As also shown in FIG. 1, the test head 12 is mounted to a dolly 28. The test head 12 is mounted by pivotable connections 30 to dolly 28. The pivotable connections 30 enable the test head 12 to be positioned in an approximately upward facing horizontal position so that the appropriate load board 18 and calibration or fixture board 20 and DUT board with the socket 24 can be mounted to the test head of the electronic circuit tester 10 by an operator. The test head 12 can also be pivoted to any angular position so that the socket 24 can interface with an automated material handler 32, for example, which rapidly feeds each packaged device or integrated circuit 26 to the electronic circuit tester 10 to be tested.

Alternatively, a wafer probe (not shown) can be substituted for the socket 24 mounted to the DUT board 22. The pivotable connections 30 enable the test head 12 to be pivoted to an inverted position to test devices or integrated circuits on a wafer (not shown) at a wafer probing station (not shown).

In order to interface the socket 24 to the automated material handler 32, or a wafer probe (not shown) at a wafer probing station (not shown), a frame 34 is mounted to the test head 12. A jig 36 that mates with the frame 34 is mounted to the automated material handler 32 or wafer probing station (not shown) to align the test head 12 with the handler or station so that the socket 24 or a wafer probe (not shown), respectively, contacts the device or integrated circuit to be tested.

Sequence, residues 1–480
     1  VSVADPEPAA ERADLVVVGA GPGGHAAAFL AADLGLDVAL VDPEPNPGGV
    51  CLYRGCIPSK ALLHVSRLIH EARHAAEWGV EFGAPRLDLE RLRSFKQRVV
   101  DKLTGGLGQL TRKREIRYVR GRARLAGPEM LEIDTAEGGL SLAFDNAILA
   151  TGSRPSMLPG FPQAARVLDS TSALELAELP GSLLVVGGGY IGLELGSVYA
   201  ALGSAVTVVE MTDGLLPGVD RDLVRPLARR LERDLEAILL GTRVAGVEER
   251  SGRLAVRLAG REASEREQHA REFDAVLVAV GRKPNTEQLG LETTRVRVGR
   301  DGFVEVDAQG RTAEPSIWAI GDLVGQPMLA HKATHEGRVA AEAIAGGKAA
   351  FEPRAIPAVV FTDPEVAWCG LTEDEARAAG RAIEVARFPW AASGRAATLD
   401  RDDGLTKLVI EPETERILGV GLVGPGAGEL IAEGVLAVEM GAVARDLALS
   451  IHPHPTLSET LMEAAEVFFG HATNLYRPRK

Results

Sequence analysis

Unfortunately, the test head 12 is typically massive and difficult for the operator to manipulate. Therefore, it is problematic for the operator to align the socket 24 with respect to the automated material handler 32 or a wafer probing station (not shown) so that packaged devices or integrated circuits or devices or integrated circuits on wafer can be tested.

A structure is provide to facilitate alignment of the socket 24 with the automated material handler 32 or facilitate alignment of a wafer probe (not shown) at a wafer probing station (not shown). The structure facilitates setup and improve the repeatability and reliability of contact between the electronic circuit tester 10 and a device or integrated circuit during actual testing.

A docking system, generally indicated by the numeral 100 in FIGS. 2, 6, and 7, is provided in an electronic circuit test system 102 for interconnecting a fixture board 104 of the test system to a test head 106 of the test system. As shown in FIG. 2, a device-under-test (DUT) board 108 is incorporated into the fixture board 104. Also, a socket 110 is incorporated into the DUT board 108 for contacting leads of a packaged device or integrated circuit (not shown) during actual testing and connecting the leads to the DUT board.